If he had let the bitterness and anger consume him, if he had allowed pride to cloud his judgment, if he had listened to the scores of alleged friends and would-be advisers from his hometown, Ronney Jenkins probably would be zipping up and down football fields next fall for Southern Cal or Arizona State or UCLA or Washington rather than BYU.

Instead, he followed his heart and, for the second time, it led him to Provo.Jenkins knew he'd made a commitment to the Cougars. He also knew he'd compromised that commitment by breaking a rule. As gifted as he is running the football, he decided he wouldn't run away from his mistake or from the school that gave him a scholarship.

So it is that a few months after serving a yearlong suspension for unspecified honor-code violations, Jenkins is practicing this spring with BYU in preparation for the much-anticipated 1998 season. His jaw-dropping speed, and his 150-watt smile, are back.

And BYU couldn't be happier about that.

Still, heaven knows he had plenty of reasons to leave BYU and enroll somewhere else. It had been a surprise to many that he wound up at BYU in the first place. He is a black, non-LDS student-athlete at an LDS school with a predominantly white student body.

He is a talented back who has been clocked with 4.3 speed in the 40, revolutionizing the passing offense at a school where some of its players have to be timed with an hourglass. Last summer, many observers were convinced the Cougars were about to lose their best running back, potentially, in history. And they almost did.

"At first, I didn't think I'd come back," said the 20-year-old Jenkins. "But I realized I couldn't hop up and leave. I didn't want to leave. I broke a rule - I'm not saying the punishment fit the crime - but I paid my dues. That was the right thing to do. Sitting out was the best thing I've ever done. Before, I was looking too far ahead. It helped me calm down and look at things in a different way."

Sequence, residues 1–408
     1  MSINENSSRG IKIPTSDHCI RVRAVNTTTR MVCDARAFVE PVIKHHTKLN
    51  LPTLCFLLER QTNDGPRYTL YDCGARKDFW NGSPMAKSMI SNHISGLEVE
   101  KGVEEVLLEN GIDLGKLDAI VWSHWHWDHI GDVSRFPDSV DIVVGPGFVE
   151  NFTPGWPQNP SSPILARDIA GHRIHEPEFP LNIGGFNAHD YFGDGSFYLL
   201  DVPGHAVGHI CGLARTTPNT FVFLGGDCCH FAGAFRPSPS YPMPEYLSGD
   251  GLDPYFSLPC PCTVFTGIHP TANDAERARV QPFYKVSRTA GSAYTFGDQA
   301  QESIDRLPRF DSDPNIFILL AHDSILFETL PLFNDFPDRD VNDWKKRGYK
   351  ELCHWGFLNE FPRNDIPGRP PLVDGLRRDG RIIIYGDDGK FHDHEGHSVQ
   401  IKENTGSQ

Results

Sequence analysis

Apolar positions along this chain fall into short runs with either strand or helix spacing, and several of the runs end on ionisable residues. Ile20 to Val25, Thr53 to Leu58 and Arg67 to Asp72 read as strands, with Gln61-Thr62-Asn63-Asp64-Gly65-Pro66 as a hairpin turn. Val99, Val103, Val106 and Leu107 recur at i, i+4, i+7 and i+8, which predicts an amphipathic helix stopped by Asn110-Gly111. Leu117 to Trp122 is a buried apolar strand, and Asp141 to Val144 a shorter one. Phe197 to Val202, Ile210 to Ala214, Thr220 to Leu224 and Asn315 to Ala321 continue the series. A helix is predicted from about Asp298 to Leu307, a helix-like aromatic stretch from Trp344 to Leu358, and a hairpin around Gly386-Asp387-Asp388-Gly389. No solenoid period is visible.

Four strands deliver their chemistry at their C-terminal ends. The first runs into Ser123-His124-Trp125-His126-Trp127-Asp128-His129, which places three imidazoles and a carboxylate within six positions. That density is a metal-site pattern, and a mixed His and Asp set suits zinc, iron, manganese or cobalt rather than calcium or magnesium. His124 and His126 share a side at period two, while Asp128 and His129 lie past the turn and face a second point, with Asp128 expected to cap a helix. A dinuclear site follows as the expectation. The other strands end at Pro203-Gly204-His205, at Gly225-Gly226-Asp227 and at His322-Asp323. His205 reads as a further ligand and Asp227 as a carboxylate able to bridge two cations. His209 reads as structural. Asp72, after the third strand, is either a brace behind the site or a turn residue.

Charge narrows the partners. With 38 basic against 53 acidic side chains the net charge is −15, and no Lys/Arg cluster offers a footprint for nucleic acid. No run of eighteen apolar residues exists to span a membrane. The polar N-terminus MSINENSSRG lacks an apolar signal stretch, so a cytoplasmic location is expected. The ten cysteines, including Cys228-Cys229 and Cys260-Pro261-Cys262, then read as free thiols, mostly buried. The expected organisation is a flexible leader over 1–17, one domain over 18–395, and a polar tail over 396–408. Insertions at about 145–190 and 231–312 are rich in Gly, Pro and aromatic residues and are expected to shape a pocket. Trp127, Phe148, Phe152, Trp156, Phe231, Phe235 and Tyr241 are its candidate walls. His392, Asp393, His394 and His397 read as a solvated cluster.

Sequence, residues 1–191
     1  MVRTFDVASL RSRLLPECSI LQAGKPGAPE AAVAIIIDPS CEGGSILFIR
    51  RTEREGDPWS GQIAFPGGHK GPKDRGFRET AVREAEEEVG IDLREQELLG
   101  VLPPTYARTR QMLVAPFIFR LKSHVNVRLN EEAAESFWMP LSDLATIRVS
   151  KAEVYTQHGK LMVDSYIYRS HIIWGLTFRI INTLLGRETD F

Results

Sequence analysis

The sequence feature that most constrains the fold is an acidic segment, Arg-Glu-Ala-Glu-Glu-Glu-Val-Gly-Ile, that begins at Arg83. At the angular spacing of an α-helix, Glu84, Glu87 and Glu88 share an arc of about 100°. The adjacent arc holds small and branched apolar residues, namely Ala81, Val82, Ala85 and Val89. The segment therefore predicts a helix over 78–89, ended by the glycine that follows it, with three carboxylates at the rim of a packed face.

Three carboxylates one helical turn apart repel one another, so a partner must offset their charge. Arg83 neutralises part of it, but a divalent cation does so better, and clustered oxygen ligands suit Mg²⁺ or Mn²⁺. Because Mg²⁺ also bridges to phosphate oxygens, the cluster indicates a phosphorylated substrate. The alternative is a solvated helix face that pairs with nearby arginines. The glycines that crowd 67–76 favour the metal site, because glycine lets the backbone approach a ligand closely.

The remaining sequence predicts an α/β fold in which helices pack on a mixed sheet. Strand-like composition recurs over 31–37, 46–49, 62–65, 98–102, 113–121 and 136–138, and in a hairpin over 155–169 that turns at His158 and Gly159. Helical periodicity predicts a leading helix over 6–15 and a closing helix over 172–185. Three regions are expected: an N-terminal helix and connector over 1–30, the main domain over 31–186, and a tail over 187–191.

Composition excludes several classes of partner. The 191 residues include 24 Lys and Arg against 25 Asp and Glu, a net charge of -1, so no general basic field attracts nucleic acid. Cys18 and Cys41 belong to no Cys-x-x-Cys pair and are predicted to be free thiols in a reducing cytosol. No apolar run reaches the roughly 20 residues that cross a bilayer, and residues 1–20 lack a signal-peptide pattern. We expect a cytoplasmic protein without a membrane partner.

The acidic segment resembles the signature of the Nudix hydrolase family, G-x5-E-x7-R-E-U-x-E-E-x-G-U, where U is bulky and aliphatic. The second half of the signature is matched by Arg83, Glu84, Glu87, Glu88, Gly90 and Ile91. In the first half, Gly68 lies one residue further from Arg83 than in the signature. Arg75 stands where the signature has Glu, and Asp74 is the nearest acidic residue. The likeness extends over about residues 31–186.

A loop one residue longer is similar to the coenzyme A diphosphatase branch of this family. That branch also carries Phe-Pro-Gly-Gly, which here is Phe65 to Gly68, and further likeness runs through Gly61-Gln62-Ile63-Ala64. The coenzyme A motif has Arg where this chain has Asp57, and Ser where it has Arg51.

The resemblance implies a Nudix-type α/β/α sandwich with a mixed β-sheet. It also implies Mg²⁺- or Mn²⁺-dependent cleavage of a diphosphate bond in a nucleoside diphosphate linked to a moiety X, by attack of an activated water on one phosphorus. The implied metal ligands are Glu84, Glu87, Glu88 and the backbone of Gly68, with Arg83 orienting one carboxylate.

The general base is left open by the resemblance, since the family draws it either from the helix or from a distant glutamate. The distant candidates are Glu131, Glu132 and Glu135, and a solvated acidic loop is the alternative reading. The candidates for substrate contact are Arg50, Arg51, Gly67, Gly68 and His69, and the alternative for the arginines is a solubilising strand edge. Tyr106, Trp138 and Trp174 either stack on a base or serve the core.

Not long after a sparkling first season in Provo, which saw him earn 1996 WAC Freshman of the Year honors and help the Cougars to one of their finest seasons ever, Jenkins was informed he would have to sit out the 1997 campaign.

"The hardest part was finding out I wasn't going to play," said the 5-foot-11, 170-pound sophomore. "I just wanted to play so bad. I was real mad and upset. I felt at the time a lot of hatred. I didn't feel I was treated right." And he knew that other schools, where honor codes don't exist, still wanted him. If BYU was going to force him out of action, well, he would pack up his breakaway speed and dazzling athleticism and take them elsewhere.

Before news of his suspension became public knowledge, Jenkins contacted coaches from schools that had recruited him prior to his signing with the Cougars. This time around, he wasn't just some high school kid with a couple of highlight reels and a book of clippings. He had proven himself as a solid Division I performer with unlimited ability. And the recruiting war for his services began in earnest once again.

He seriously considered going to the school for whom he cheered as a youngster, USC. A coach at another Pac-10 school gave him an "I told you so" lecture about his mistake of choosing BYU. Refrains of BYU-bashing resurfaced from recruiters who warned Jenkins the school was only interested in converting him to the LDS Church.

Meanwhile, Cougar coach LaVell Edwards told Jenkins he would grant him a release from his scholarship to pursue other opportunities, if that's what he wanted. "He's an honest man," said Jenkins of Edwards. "I respected that."